A social history of Bad Ems : spa culture and the welfare state in Germany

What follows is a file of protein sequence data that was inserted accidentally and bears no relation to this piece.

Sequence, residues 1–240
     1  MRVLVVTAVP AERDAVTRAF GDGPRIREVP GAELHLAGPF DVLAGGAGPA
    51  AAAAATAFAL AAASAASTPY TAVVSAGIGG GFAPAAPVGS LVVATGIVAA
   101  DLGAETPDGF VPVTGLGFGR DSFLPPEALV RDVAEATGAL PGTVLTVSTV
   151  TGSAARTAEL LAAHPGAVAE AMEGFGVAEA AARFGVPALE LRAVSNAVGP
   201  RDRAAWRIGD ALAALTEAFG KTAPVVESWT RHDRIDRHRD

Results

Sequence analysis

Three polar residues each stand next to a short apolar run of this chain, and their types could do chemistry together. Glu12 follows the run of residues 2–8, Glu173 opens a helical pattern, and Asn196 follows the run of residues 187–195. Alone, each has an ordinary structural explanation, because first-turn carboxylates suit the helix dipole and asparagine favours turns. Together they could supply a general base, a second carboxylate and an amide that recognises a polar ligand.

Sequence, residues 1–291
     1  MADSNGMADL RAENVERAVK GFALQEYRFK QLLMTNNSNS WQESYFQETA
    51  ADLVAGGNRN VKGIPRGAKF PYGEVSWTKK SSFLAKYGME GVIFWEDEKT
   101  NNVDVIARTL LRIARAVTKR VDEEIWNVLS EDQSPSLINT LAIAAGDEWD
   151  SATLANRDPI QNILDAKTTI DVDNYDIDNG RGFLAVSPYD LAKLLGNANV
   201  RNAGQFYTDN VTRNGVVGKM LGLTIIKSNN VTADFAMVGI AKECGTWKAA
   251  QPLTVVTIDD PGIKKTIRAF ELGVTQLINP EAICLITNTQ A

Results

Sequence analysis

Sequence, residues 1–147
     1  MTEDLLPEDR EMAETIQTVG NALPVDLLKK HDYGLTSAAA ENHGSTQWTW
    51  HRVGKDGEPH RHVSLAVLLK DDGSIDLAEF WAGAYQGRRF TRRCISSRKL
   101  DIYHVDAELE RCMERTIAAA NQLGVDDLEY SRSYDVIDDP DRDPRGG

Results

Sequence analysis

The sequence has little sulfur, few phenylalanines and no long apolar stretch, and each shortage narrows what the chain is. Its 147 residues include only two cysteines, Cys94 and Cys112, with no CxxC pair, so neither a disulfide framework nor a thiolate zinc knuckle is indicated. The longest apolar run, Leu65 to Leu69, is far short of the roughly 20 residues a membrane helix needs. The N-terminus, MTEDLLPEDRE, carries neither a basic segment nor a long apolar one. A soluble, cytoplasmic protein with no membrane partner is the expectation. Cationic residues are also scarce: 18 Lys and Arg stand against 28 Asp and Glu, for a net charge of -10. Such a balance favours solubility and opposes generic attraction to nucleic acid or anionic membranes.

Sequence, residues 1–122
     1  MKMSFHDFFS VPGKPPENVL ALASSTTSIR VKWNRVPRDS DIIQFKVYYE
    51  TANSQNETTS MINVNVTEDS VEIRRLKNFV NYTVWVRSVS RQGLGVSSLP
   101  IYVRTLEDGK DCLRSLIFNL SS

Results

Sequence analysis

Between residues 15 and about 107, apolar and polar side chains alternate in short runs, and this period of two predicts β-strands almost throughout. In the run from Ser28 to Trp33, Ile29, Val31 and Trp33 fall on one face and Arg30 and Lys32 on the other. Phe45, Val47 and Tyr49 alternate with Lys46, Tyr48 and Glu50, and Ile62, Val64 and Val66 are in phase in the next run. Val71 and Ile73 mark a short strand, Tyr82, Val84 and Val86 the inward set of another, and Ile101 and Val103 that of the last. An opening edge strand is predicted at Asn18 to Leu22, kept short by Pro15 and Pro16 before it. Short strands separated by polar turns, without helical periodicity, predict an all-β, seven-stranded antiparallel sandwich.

This thesis is about the spa town of Bad Ems in West Germany - its social and economic development. It analyses the town's rise to fame as a fashionable centre for relaxation and recuperation and the emergence of a 'spa culture' in the nineteenth century. It also studies the impact of the gradual 'democratisation' of cures i.e. how spa towns like Bad Ems changed in this century with the increase in the number of cure-guests funded by the statutory insurance bodies. This inevitably involves an examination of the system of national health provision from the late 19th century and the incorporation of spa treatment into benefit schemes. The subsequent analysis of medical knowledge and opinion, with particular reference to spa remedies and treatment considers both medical practitioners in Bad Ems and the development of the science of balneology over the past one hundred and fifty years. This analysis includes the debates and arguments about the modern cure and the growing concern since the Second World War with the efficiency and effectiveness of social insurance cures. Finally, this study looks at the cure-takers themselves, both in their relationship with the medical profession and their experience of spa life. Because no comprehensive study of Germany's spas has been attempted, this thesis aims to bring together different perspectives adopted by various disciplines. However, given the present state of research, it seemed that the only viable approach would be through a case study which analyses the town of Bad Ems at a grass-root level, though without ignoring the impact of national events and policies in Germany on cure-taking and spa culture. The findings of the research indicate that the introduction of cures as a benefit of national welfare policies ensured the survival of spas as health centres. No less importantly, today a cure is no longer the preserve of a wealthy elite as in the 19th century but available to all Germans. The success of cures in Germany today would also seem to reflect a culturally specific attitude to health and illness which stands in marked contrast to that in this country where spas have declined and where there is little interest in the forms of treatment offered by mineral springs and thermal waters.